Israeli Prime Minister Benjamin Netanyahu [official website; BBC profile] on Sunday announced [press release] the composition of an internal probe into the May 31 Israeli raid on several Turkish ships bound for the blockaded Gaza Strip [BBC backgrounder]. To head the probe, Netanyahu appointed former Israeli Supreme Court [official website] Justice Yakov Tirkel, along with Shabbtai Rosen, an international law professor and former Israeli diplomat, and retired Major General Amos Horev, a former Israeli army leader. Due to the "exceptional circumstances" of the events in question, the commission will also be overseen by two international observers, Nobel Prize laureate David Trimble and former Canadian military prosecutor Ken Watkin, to ensure the impartiality of the inquiry. The commission will produce a published report of its conclusions with respect to a number of issues, including:
Examination of the security circumstances surrounding the imposition of the naval blockade on the Gaza Strip ... the conformity of the actions taken by Israel ... with the rules of international law ... [and] the question of whether the mechanism for examining and investigating complaints ... in relation to violation of the laws of armed conflict ... as implemented with regard to the present incident, conform with ... the rules of international law.Addressing his cabinet in its weekly meeting on Sunday, Netenyahu reiterated [press release] Israel's policy on the blockade of Gaza: "The principle of our guiding policy is clear - to prevent ... war materiel from entering Gaza and to allow the entry of humanitarian aid and non-contraband goods into the Gaza Strip." The proposed commission will be voted on the by the government Monday.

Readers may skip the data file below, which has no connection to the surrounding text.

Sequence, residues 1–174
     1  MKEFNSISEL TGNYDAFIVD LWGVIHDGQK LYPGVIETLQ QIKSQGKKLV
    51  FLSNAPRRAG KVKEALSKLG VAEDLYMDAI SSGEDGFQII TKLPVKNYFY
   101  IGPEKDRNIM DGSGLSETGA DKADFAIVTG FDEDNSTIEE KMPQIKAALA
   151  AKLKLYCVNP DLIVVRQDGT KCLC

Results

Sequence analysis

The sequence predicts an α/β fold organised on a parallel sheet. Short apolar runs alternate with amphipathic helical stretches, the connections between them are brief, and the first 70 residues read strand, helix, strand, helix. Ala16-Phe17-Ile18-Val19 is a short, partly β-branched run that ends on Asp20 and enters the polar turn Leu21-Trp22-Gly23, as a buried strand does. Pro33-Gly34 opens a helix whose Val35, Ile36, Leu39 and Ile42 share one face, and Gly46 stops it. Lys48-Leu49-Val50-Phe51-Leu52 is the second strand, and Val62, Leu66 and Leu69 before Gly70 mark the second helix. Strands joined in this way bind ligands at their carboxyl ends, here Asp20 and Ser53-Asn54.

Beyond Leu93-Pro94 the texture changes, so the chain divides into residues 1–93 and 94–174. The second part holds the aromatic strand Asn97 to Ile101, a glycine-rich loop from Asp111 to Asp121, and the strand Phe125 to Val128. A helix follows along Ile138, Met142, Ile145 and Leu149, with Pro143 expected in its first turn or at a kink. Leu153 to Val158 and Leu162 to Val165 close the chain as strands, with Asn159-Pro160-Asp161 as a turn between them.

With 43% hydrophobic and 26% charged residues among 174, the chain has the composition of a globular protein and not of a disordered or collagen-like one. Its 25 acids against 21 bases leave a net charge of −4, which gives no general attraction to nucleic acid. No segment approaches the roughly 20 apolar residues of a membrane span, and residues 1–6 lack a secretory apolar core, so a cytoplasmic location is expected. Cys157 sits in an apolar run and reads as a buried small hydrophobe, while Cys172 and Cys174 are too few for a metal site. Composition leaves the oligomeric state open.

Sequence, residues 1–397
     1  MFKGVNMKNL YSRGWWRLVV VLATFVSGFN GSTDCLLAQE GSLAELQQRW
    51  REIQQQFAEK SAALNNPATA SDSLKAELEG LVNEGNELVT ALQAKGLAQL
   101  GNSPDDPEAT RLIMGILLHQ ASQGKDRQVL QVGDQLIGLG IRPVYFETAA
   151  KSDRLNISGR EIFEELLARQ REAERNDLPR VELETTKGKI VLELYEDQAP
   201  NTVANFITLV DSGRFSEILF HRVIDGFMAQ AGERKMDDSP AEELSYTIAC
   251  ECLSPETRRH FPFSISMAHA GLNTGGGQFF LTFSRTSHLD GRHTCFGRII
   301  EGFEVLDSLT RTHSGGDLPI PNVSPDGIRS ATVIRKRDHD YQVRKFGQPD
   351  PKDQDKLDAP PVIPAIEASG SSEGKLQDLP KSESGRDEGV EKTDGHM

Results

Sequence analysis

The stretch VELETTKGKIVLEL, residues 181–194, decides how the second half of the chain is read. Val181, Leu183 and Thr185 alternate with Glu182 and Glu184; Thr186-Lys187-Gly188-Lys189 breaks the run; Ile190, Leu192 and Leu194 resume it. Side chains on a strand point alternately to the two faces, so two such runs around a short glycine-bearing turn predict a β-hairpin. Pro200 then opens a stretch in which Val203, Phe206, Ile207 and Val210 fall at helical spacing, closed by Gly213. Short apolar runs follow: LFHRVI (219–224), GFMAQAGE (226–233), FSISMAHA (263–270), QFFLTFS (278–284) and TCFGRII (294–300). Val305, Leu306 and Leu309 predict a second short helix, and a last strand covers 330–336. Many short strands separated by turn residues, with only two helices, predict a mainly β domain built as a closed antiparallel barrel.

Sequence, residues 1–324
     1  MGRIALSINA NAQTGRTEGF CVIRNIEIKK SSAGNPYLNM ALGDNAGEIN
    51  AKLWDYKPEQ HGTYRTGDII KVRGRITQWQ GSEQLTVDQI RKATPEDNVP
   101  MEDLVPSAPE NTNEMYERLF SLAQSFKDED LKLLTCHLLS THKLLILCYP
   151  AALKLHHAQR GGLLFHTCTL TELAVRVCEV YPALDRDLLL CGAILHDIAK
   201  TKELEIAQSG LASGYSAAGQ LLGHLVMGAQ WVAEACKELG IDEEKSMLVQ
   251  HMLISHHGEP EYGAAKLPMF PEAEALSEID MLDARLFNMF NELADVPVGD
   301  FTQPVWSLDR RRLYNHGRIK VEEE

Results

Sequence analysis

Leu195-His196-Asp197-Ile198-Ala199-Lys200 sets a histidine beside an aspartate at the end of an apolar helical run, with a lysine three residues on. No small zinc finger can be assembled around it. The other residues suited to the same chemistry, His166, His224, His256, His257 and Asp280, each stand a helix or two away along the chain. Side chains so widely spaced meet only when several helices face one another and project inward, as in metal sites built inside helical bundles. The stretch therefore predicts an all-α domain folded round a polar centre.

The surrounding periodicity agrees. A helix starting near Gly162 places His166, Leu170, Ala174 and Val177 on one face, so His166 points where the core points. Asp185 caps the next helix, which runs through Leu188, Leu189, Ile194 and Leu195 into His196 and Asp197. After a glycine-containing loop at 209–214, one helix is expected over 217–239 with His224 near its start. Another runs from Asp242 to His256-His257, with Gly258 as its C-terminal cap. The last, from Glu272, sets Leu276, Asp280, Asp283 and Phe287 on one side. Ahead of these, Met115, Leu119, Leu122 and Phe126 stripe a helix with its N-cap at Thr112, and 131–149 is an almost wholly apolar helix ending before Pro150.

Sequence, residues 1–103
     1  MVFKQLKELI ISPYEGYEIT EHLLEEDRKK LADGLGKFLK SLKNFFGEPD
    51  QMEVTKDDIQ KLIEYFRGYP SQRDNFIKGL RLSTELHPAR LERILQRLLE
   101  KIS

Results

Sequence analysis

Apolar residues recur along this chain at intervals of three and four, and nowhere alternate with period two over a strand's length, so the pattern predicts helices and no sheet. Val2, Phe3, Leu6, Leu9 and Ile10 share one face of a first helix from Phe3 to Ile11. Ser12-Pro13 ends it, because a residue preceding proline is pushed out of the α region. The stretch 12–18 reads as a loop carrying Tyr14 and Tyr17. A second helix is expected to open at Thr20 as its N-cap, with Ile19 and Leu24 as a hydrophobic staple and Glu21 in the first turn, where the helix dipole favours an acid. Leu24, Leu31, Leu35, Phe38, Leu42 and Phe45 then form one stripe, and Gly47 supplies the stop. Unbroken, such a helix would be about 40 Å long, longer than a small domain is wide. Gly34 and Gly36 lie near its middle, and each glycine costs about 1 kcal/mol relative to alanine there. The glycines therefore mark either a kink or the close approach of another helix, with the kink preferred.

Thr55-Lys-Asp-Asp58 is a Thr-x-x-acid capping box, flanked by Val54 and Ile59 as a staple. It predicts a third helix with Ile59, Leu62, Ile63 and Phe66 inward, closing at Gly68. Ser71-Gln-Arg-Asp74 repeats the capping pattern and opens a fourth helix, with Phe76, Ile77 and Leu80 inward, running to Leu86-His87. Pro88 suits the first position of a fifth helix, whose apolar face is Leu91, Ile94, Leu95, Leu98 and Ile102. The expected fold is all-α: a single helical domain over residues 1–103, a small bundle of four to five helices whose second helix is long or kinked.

The panel will investigate the events that took place in the early hours of May 31, when Israeli forces raided six ships attempting to deliver more than 10,000 tons of aid to the Palestinian territory of Gaza. The raid left numerous wounded and resulted in the shooting deaths of nine pro-Palestine activists - eight Turks and one American. Last week, UN Secretary-General Ban Ki-moon [official website] reiterated the importance of an international component [JURIST report] in the investigation into the raid. Ban's original proposal to establish an investigatory panel comprised of representatives from Israel, Turkey, and other unnamed countries, was rejected by Israeli officials [JURIST report]. Israeli officials have insisted that Israel has the ability and the right to resolve matters through an internal investigation and does not require international oversight. Also last week, the Israel Defense Forces (IDF) [official website] launched an internal investigation [JURIST report] into the flotilla attack. The investigatory unit will study the outcomes of the incident, "establish lessons," and present its findings by July 4. Netanyahu and the nation's seven senior ministers also decided to establish a panel of jurists [Haaretz report] to investigate the attack. The panel's inquiry will be independent from the IDF investigation. The Turkish flotilla on which the violence occurred was one of six organized by the Free Gaza Movement [advocacy website] to carry protesters and humanitarian supplies to the isolated Palestinian enclave. The Gaza naval blockade began in 2007 after Hamas forcibly expelled their chief rival, Fatah [CFR backgrounders] from Gaza.